I think everything changed. When I left, they didn’t know too much about other cultures. And then when I came back, it was very much on the average American’s agenda to be informed of other cultures. Nobody was eating healthy when I left America. Everyone was eating healthy when I came back. People weren’t fit, now they really are fit. And to be honest, one of the reasons I left America was I didn’t think there’d be that many places to go, places where I could tell my story. And then coming back to America was really America calling me. [Hollywood] came down to India to find people who they could sign, and that’s what took me back. So by the time I came back to America, America was inclusive and diverse. So pretty much everything about America changed.
I’m always fascinated by the notion of someone who’s a big star in one part of the world, having to come here and prove themselves all over again to a new audience. Did you feel sort of frustrated by having to prove yourself all over again?
Not really. I think it’s much more exhilarating being at the bottom of the ladder and having no place to go but up. That’s an exciting place to be. I’m in my late 30’s, so I don’t get to feel fresh and young and new and exciting a lot. So that’s kind of nice. It felt like when I was first getting into Bollywood all over again. And I think we addressed it pretty honestly in the first special. We shot it in a big stadium with 4,000 people and then we also intercut it with just 100 people in a basement in New York. And I think that kind of set the context that said “I’m here and I’m ready to do the work.” There’s nothing to be achieved by trying to position yourself as a big star in America unless you are one. And I think when you have achieved something or you are decently known, people will let you know. You don’t have to construct that shit.
Exactly. And when you’re over there in Bollywood doing films, was a transition to Hollywood something you aspired to?
Oh for sure. It’s something still to aspire to. We’re trying to map a career that is strategic and step by step. So the first step was to get a comedy special on one of the mainstream platforms. We got that. The second step was American television. Now we’ve got that and hopefully it goes well on ABC. And the third step is definitely feature films in America. So that is definitely the progression. Absolutely. That’s in the cards hopefully.
In your latest special, you mention your dream of wanting to be a Marvel superhero. So if you were in any Marvel film, who would you want to be?
I want to be an Indian superhero, so we’ll have to come up with one. But if you just consider it, we have like 4,000 Gods. […] Which is pretty easy to come up with a super power in a super hero. But you know, if there is something that exists that I can bring myself to, I’m happy, but I’d love to come up with the first Indian superhero for the Marvel Universe.
How do you feel Netflix has changed comedy with the stand up specials?
I think specials now have more of a narrative to them. You do have to tell a story. So you do have to think of the comedy special much more cinematically I think, at least in terms of the story you’re telling. You can’t just be guy on stage. Guy on stage is hard to construct a narrative in an hour.
I think now is the right time for a special like yours, which does rely more on a story construct and that narrative.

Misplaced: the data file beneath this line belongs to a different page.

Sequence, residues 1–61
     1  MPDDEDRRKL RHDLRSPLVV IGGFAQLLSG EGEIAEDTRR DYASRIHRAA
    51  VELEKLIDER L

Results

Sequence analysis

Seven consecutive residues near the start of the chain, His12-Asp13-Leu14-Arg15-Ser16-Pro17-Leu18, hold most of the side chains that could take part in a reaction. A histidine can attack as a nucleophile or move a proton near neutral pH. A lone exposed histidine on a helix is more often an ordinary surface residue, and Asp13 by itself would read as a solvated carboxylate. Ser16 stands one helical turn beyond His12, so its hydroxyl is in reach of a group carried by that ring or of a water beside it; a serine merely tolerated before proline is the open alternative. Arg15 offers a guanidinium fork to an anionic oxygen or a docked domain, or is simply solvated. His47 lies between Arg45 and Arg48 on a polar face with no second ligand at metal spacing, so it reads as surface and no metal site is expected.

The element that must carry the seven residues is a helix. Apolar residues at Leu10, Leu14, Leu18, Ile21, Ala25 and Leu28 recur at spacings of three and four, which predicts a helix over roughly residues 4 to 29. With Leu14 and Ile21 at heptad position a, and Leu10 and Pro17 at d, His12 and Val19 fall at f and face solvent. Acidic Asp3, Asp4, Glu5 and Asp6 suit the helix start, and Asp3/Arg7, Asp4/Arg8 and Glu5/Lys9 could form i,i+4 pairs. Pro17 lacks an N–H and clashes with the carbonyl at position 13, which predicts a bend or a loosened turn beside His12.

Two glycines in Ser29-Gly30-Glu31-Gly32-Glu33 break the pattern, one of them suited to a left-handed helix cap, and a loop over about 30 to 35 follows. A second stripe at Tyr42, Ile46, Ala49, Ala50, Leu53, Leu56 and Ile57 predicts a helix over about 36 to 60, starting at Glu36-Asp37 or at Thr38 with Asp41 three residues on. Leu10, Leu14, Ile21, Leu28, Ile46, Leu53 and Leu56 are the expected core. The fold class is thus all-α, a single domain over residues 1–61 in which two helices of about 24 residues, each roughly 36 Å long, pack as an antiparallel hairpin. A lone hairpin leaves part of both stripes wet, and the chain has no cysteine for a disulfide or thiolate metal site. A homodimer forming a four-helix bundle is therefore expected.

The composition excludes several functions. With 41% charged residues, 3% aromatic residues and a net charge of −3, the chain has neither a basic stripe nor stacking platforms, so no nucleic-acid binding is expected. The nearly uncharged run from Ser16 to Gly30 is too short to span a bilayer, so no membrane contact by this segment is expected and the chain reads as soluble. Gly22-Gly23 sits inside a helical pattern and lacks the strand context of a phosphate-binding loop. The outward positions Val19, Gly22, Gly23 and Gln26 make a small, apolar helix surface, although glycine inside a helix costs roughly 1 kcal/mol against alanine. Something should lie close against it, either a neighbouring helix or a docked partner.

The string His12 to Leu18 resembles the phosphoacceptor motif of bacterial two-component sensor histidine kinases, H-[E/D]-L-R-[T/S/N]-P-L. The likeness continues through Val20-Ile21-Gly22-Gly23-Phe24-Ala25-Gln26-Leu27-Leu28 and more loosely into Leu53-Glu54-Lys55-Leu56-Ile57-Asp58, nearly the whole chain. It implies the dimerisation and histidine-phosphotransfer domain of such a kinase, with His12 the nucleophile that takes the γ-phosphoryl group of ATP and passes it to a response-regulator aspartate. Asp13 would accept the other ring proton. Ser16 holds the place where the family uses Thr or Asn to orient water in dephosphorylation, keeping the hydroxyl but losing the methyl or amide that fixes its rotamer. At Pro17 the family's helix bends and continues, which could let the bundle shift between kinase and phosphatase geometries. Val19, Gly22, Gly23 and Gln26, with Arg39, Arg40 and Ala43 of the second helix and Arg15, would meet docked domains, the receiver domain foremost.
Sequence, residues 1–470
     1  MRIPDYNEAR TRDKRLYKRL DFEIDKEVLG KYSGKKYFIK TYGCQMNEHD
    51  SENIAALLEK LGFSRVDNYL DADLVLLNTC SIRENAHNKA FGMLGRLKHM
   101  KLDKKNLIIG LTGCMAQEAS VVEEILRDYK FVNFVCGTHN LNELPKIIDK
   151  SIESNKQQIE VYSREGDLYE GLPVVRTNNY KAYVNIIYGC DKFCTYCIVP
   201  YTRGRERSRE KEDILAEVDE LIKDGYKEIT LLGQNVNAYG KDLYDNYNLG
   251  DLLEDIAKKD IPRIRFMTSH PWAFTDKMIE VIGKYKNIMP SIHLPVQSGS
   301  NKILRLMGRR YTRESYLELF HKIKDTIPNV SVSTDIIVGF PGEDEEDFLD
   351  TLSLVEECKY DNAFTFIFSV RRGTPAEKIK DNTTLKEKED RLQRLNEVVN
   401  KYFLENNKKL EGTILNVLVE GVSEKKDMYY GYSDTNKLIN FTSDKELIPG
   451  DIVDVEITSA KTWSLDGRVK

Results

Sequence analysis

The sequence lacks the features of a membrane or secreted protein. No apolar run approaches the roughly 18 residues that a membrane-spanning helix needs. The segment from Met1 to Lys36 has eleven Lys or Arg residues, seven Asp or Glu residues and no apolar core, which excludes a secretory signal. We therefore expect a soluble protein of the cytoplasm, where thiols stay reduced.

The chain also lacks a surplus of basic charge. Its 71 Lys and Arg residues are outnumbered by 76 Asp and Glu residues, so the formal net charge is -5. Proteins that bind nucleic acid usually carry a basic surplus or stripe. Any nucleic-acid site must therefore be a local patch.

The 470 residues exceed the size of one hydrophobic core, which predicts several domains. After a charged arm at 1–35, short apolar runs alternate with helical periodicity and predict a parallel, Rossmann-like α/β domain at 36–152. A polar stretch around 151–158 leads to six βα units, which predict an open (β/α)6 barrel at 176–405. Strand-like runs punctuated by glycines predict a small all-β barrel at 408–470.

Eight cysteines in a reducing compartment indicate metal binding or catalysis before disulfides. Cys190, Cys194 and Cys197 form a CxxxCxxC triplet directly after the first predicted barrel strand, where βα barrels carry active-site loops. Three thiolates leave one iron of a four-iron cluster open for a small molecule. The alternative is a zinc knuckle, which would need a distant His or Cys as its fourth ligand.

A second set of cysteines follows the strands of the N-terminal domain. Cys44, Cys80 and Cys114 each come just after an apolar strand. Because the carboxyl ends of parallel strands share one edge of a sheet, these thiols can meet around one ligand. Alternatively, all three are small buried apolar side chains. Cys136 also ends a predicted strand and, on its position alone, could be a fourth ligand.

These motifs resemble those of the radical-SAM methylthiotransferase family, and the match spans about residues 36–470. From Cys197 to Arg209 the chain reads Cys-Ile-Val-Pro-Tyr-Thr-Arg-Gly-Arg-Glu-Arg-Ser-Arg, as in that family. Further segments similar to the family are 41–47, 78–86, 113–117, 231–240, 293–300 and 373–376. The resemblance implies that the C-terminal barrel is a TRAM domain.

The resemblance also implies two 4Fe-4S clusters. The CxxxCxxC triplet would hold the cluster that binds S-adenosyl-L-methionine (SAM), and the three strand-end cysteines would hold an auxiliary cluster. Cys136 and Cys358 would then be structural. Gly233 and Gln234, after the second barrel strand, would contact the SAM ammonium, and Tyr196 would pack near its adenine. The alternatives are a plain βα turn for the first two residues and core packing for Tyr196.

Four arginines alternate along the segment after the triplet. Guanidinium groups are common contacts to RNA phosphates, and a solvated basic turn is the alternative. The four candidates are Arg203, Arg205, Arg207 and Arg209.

I think so, yeah. I’ve been a big fan of people like Mike Birbiglia who are able a really strong narrative or Neal Brennan with Three Mics, which I thought was really well done. Even [Dave] Chappelle has a very clear arc and story within his routine.
When you’re performing here or overseas, what is the biggest difference between audiences? Do you sense a change over what they respond to or does certain aspects feel relatively universal?
I travel a little bit now, and the one thing that I found is if you cater jokes to a specific audience you’re always going to be limiting in some sense. But if you just get up onstage and tell your story, what is authentically your story, strangely enough even though it might be more Indian in context, its not international in its reception. So I just try to tell my story because I did grow up in Africa, I did study in the states, I was in India as well. So hopefully that story kind of goes over. The audience is so wide on Netflix that if you’re not catering to the African audience, the East Asian audience, the South Asian audience, to the Americans, the Brits, everybody wants something. I think your best bet is to just be yourself.
In the special, you talk about how everything has changed in your perspective. Since filming, has your perspective changed even further that we might see reflected in the next special? Is it all ever-evolving?
I think so. I mean my new show, which I’m going to be doing in the states in April, is about love. So the entire special is about being good at love, being great at love, or not being very good at love. But the central theme of the show is love. Because I feel like that’s something universal and good to talk about. And it is also sharing stories with people I’ve been with, etc. So I would hope to have grown since the last special and have an evolved perspective, but that’s not something I can adequately say. I’m too close to it. You’ll have to tell me when the next special comes out.
And finally, this is a question I always ask and am curious to hear the response to. What would you say you want your legacy to be?
I mean that’s not something I think about, but I guess if my legacy is going to be anything, I hope it’s authenticity. And that’s it. That he took an authentic Indian voice and put it out there. And hopefully when you come see me, you know a little bit more about where and from and my people.
Whiskey Cavilier airs Wednesdays at 10/9 Central on ABC.